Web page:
Who wants to listen to that anymore? My father who is 72 doesn't even listen to that garbage, as he prefers to move on and progress, not stay in the same spot!
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Rodríguez didn't bow out of the communications game, though. In 1989, he founded Telemiami, a cable TV station that echoes his conservative agenda on the radio. He also bought Cadena Azul. Then, along with two investors, he purchased WWFE in 1993 from Milian for $2.7 million. Milian's company had been forced into bankruptcy and his station was on the verge of being shuttered. Rodríguez changed the name from Radio Fe to La Poderosa.
He says he made the move not to make money, but because his competitors had lost their revolutionary zeal. "Media outlets exist to educate the public," he says. "At the time, there was a lot of misinformation and lack of objectivity going on."
Ever since he dived into the world of Cuban radio, Rodríguez has lived firsthand the battle over how far to go on-air.
In 1998, for instance, radio host Tomás García-Fuste claimed Rodríguez canceled his morning show because he refused to promote a rally at the Orange Bowl against a proposed human rights ordinance for gays organized by a Christian church. Rodríguez, who was opposed to the measure, actually interrupted García-Fuste 's show to encourage listeners to attend the anti-gay event.
(Rodríguez, though, claims he dropped García-Fuste because he refused do his show inside La Poderosa's studio, preferring to air from Telemiami.)
Then, in 2001, Rodríguez kicked Alberto Milian, Emilio's son, off the WWFE program that his father started, called Habla el Pueblo (The Town Speaks). Alberto told the Miami Herald that Rodríguez silenced him because he was denouncing politicians such as then-County Commissioner Miriam Alonso and then-Miami City Commissioner Angel Gonzalez. Liz Balmaseda, then a Herald columnist, wrote that Rodríguez was "stuck in 1976" and that he helped fuel all the "political cliches of [a] Cuban exile Miami."
Rodríguez counters that Milian's cancellation was a programming decision not influenced by politics.
Three years later, though, Rodríguez was back in the news when journalist Roberto Rodríguez Tejera resigned as La Poderosa's programming director and general manager. On April 14, 2004, Rodríguez Tejera and a cohost criticized President George W. Bush following the release of the 9/11 investigative report. Rodríguez stormed into the studio to defend Dubya, Rodríguez Tejera says.
"He wouldn't let my cohost talk," he says. "He told us if we didn't like it, we could leave. When I tried to intervene, Jorge disrespected me as well."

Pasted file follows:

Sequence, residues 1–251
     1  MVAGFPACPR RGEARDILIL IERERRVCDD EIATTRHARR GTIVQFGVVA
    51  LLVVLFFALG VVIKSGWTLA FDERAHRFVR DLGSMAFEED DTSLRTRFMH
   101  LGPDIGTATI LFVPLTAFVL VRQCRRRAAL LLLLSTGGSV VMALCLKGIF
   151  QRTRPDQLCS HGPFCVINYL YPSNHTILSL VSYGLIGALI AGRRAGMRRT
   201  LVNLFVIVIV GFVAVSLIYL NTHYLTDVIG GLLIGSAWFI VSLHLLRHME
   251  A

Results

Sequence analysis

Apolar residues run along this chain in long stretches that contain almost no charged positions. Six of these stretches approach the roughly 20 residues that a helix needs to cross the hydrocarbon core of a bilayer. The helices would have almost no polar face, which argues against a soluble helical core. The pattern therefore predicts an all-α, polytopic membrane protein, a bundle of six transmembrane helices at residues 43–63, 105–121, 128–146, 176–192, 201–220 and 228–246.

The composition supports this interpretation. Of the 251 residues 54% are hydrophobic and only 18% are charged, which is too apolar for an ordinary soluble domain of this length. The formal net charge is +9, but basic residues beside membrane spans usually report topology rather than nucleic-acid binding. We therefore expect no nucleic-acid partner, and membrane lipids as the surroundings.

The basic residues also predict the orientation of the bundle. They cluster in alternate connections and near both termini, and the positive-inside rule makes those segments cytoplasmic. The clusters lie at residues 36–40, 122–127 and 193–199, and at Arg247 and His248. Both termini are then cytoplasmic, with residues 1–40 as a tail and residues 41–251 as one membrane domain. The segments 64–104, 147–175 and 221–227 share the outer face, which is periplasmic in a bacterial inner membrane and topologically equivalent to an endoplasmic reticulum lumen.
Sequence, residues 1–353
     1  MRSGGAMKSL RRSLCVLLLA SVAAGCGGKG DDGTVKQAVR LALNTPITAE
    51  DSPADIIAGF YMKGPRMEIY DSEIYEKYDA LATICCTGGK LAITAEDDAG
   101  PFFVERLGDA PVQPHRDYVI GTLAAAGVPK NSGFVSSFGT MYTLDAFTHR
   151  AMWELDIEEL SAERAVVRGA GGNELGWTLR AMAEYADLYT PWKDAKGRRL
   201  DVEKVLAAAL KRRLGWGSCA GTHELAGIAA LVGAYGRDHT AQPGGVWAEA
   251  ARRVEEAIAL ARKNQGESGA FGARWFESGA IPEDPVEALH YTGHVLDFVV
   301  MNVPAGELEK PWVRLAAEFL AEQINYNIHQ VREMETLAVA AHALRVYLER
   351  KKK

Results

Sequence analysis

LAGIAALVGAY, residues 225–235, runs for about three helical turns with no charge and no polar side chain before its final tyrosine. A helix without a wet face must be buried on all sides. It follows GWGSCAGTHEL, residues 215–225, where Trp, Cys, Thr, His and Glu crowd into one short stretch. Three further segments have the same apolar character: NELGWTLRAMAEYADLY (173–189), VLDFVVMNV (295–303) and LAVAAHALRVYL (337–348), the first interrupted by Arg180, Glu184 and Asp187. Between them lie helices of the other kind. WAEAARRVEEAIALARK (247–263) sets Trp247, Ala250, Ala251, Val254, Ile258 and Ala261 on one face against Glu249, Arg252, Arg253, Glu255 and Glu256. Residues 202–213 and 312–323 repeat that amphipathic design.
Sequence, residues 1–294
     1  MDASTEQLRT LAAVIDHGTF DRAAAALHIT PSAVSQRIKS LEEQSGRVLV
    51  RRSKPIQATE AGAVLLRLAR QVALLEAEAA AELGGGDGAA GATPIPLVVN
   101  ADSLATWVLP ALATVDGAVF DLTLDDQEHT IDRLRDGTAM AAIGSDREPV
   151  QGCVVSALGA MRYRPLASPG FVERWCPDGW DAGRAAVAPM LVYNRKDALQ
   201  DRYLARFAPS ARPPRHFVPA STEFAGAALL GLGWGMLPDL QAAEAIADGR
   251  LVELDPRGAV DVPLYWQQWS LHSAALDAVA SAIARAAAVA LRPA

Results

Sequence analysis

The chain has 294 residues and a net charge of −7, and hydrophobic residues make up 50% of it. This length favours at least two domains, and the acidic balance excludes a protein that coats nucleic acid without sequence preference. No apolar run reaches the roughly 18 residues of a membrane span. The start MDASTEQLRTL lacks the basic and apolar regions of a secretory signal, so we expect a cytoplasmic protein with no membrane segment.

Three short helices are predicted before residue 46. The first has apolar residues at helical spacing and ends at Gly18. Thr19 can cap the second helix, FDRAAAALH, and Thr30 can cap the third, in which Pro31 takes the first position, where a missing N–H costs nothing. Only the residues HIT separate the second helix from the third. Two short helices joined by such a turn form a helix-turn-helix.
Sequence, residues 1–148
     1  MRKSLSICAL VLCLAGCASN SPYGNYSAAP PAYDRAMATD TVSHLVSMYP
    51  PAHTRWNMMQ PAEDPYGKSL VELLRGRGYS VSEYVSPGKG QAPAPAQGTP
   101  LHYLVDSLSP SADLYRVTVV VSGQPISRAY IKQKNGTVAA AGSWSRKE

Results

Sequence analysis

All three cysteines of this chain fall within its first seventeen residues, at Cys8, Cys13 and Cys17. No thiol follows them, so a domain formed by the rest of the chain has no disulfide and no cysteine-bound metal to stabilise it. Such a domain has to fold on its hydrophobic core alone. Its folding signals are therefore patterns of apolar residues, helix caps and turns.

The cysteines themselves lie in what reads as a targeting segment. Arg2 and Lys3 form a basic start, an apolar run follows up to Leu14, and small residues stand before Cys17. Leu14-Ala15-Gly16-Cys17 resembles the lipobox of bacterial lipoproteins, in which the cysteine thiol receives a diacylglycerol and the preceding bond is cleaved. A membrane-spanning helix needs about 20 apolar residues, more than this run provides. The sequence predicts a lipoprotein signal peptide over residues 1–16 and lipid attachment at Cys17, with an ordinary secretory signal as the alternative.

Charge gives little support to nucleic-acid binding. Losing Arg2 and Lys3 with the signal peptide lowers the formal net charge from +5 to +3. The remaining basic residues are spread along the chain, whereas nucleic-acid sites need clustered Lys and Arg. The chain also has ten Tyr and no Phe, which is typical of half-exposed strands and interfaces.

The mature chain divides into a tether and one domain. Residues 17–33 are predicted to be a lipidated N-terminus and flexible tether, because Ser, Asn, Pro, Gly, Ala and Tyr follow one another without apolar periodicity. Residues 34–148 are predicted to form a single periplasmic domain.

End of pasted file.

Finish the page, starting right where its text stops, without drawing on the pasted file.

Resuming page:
La Poderosa's owner says Rodríguez Tejera left of his own accord and denies censoring his views.
Either way, it's clear that the kind of boisterous, opinionated management Rodríguez favors has fallen out of practice at his chief competitors, which began moving into corporate ownership in 2004.
That's when Univision bought Hispanic Broadcasting Corp., which owned both WQBA and Mambí. Soon after, the network began to change both stations. For example, Univision cut off the practice of commentators getting paid by political campaigns; accepting money from any candidate was prohibited and grounds for firing.
Radio and TV Martí, the U.S. government-funded stations that broadcast news exclusively to Cuba, have also been adrift recently. For the past decade, members of Congress have criticized it as a drain on taxpayers. Last year, the U.S. Government Accountability Office issued a report concluding that the Broadcasting Board of Governors, which runs Martí, had failed to provide sufficient information to Congress about its cost and audience in Cuba. Still, the station survived last year's budget with $30 million in appropriations.
Whatever the reasons, it's clear that both WQBA and Mambí have been losing listeners over the past decade.
In the fall 2001 Arbitron report, La Poderosa came in 28th, while Mambí was sixth out of 35 local stations. La Cubanisima was 22nd. According to Arbitron's June 2012 report, Mambí has dropped to 15th, while La Poderosa has risen to 25th. Between June and July, WQBA lost 23,900 weekly listeners in the wake of Univision's rebranding.
Rodríguez believes his station, whose numbers remained steady during that period, picked up many of the WQBA defectors. "Many listeners are upset over the changes," he says. "I believe people want a radio station that reflects the current reality of the community."
Inside a dusty back office of a storefront on West Flagler Street, Max Lesnik is preparing for his one-hour program on his website, Radio-Miami.com. The room is equipped with three desktop computers manned by a trio of radio engineers. The walls are the yang to the anti-Castro décor at La Poderosa: a photo of a beaming pre-cancer-stricken Hugo Chávez, a black-and-white image of Fidel, and a charcoal drawing of Che Guevara.
Lesnik walks into a closet that has been converted into a recording room. There is space only for a chair and a microphone. Until last year, he broadcast his one-hour show at a Little Haiti station called Union Radio. But when ESPN Deportes bought its signal, Lesnik decided the best way to reach his audience was to upload his broadcast online.
"I don't know what ratings we are getting because I don't have the money to pay to keep track of it," Lesnik says.